>before long.)

Oops, now I'm confused again. You said in the previous section that you wouldn't use this, but others might, and now you're saying that you'd like to have "all the info ..." filled in.

Looking at your example document again, I see that you're just putting in the protocol values for the default right after the list of supported API's.

As I said above, that means that if the user's client doesn't support the default protocol, then the information provided in the handshake was useless.

All I'm suggesting is that -- instead of listing only the parameters for the default API (protocol) -- the format allow (not require) the params for all of the API's. Also, the params for the default API would be moved to a slightly different hierarchy. (Again, if you want an example...)

Seth

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Author: Daniel Berlinger

Date:11/15/2002

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# 2601

RE: RSD Notes

>>>Would a sample handshake document help here? I'm willing to put one together to demonstrate. ("Hand written!")

You bet. Please do, thanks.

>>>Looking at your example document again, I see that you're just putting in the protocol values for the default right after the list of supported API's.

Actually not. More below.

>>>As I said above, that means that if the user's client doesn't support the default protocol, then the information provided in the handshake was useless.

>>>All I'm suggesting is that -- instead of listing only the parameters for the default API (protocol) -- the format allow (not require) the params for all of the API's. Also, the params for the default API would be moved to a slightly different hierarchy. (Again, if you want an example...)

Again, yes, an example would be great.

I think I misunderstood what you meant at first, and that has led to the confusion above. I think we're heading down the same road.

Let me just correct one thing. The protocol values are not for the default, but abstracted from all the APIs I've worked with so far. They all require almost every one of those elements -- "almost" with the exception being the service URL which has only been used by Blogger, but possibly could be used by others. All the other elements are needed by every API I've worked with...

That said, " my cup is empty"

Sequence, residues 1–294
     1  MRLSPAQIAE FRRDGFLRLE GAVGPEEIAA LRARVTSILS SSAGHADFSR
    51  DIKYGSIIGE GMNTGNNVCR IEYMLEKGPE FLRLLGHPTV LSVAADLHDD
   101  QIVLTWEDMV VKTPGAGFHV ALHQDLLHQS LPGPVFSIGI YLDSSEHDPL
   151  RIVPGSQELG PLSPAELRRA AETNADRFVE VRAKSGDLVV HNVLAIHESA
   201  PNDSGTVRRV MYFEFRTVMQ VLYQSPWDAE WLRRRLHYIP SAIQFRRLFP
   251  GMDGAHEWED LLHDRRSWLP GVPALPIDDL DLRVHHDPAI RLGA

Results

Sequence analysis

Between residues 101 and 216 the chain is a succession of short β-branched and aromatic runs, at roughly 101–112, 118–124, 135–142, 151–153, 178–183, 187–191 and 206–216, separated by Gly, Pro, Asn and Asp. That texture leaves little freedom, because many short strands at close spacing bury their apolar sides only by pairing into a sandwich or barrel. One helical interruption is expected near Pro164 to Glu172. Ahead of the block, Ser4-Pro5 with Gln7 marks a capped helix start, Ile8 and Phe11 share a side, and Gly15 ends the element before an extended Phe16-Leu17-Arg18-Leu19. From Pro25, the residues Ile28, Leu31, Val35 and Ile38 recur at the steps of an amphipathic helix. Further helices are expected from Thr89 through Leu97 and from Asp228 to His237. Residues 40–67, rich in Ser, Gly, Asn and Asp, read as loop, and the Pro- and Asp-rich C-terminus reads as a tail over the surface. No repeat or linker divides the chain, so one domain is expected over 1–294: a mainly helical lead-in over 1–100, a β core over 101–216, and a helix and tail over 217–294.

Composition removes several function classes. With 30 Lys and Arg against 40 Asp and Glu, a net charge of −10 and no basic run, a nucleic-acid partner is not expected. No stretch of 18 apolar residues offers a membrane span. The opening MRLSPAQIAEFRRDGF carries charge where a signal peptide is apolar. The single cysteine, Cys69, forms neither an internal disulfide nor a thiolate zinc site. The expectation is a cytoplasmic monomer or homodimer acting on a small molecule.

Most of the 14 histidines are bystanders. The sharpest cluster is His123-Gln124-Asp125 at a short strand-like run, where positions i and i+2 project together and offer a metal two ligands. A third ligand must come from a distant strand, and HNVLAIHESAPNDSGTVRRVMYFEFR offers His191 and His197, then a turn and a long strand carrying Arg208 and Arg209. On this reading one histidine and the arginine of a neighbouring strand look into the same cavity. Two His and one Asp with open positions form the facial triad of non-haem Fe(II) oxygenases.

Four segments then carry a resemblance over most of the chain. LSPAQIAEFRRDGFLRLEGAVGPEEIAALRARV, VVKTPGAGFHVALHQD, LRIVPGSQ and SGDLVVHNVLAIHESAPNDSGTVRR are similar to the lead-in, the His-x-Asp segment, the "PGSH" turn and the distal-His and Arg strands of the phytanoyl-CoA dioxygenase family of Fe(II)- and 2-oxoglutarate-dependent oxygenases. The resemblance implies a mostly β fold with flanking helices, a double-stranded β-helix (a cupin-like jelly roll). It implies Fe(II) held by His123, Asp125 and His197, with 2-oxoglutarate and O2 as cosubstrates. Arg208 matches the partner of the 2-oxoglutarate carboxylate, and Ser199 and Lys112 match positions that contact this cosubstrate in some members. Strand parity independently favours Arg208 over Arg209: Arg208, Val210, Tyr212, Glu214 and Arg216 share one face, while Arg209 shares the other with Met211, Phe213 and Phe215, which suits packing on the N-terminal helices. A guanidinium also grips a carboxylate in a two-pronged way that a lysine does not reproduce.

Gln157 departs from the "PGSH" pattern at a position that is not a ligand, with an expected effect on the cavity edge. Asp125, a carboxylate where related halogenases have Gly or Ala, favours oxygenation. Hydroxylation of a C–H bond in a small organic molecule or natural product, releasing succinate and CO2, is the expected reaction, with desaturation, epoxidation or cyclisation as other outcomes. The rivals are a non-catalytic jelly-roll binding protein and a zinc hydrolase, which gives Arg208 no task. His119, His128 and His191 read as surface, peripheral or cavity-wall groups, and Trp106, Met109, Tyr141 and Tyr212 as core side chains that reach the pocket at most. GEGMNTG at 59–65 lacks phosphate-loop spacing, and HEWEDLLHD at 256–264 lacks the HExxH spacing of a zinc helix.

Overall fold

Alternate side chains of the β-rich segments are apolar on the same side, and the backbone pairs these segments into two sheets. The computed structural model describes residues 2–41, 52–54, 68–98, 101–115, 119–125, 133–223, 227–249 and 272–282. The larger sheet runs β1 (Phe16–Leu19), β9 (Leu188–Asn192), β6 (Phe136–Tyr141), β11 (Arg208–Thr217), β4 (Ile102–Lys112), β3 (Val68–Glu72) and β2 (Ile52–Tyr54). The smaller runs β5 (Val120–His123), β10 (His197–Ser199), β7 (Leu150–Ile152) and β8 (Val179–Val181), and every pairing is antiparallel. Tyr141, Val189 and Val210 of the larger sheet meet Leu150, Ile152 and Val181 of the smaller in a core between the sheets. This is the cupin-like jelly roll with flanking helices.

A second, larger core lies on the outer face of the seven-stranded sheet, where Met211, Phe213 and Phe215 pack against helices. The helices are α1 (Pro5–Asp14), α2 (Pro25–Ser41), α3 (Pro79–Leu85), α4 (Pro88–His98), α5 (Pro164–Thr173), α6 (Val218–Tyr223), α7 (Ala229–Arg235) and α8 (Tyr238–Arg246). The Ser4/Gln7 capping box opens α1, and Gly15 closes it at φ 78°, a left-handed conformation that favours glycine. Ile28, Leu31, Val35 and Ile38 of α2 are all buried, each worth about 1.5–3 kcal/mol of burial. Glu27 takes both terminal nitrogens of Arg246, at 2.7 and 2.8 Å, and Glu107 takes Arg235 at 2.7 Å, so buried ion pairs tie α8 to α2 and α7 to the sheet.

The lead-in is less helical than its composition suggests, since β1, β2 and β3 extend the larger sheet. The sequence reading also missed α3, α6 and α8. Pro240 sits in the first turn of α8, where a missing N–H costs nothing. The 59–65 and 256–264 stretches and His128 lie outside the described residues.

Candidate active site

d.

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Author: Seth Dillingham

Date:11/19/2002

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# 2613

Sample RSD Document

Here's the sample RSD document that I promised Daniel I'd write.

It's still very simple, but it allows the parameter (setting) names to vary in the different APIs without having to define a really big vocabulary for the XML.

Updated 20nov2002 with optional documentation elements moved to the api elements.

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Author: Jim Roepcke

Date:11/20/2002

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# 2614

Re: Sample RSD Document

On Tuesday, November 19, 2002, at 05:41 PM, Seth Dillingham wrote:

> Here's the sample RSD document
> <http://www.truerwords.net/2613/enclosure/RSD.xml> that I promised
> Daniel <http://archipelago.phrasewise.com/> I'd write.
>
> It's still very simple, but it allows the parameter (setting) names to
> vary in the different APIs without having to define a really big
> vocabulary for the XML.

Makes sense to me... Hopefully, Conversant (or any other CMS) would be
able to automatically generate that document correctly so I wouldn't
have to.

Jim

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Author: Seth Dillingham

Date:11/20/2002

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# 2616

The "Value" of My RSD Approach...

Brent and Daniel are having a conversation about RSD on Daniel's site. Brent's planning to support something like RSD (hopefully RSD's final format) in NNW.

Brent's thoughts are that the document needs to be kept incredibly simple, but I don't understand why he's taking it so far. Our intent (or mine, anyway) is that these documents will be automatically produced in the handshake between server-side weblog software (Conversant, Manila, Blogger, etc.) and client-side software like Archipelago, Sid (if Steve ever gets involved), and NetNewsWire Pro.